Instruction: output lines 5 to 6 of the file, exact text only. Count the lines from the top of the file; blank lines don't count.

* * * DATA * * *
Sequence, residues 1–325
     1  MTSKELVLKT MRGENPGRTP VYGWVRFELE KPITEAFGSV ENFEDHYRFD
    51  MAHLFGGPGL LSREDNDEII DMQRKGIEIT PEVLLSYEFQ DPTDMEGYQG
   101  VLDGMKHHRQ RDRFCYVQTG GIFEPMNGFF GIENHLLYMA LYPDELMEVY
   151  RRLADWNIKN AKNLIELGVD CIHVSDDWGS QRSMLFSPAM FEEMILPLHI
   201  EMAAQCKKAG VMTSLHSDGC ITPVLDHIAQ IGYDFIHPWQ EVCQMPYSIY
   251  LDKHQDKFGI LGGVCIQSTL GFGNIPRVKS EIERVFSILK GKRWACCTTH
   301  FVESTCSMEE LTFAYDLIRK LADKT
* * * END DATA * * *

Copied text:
   151  RRLADWNIKN AKNLIELGVD CIHVSDDWGS QRSMLFSPAM FEEMILPLHI
   201  EMAAQCKKAG VMTSLHSDGC ITPVLDHIAQ IGYDFIHPWQ EVCQMPYSIY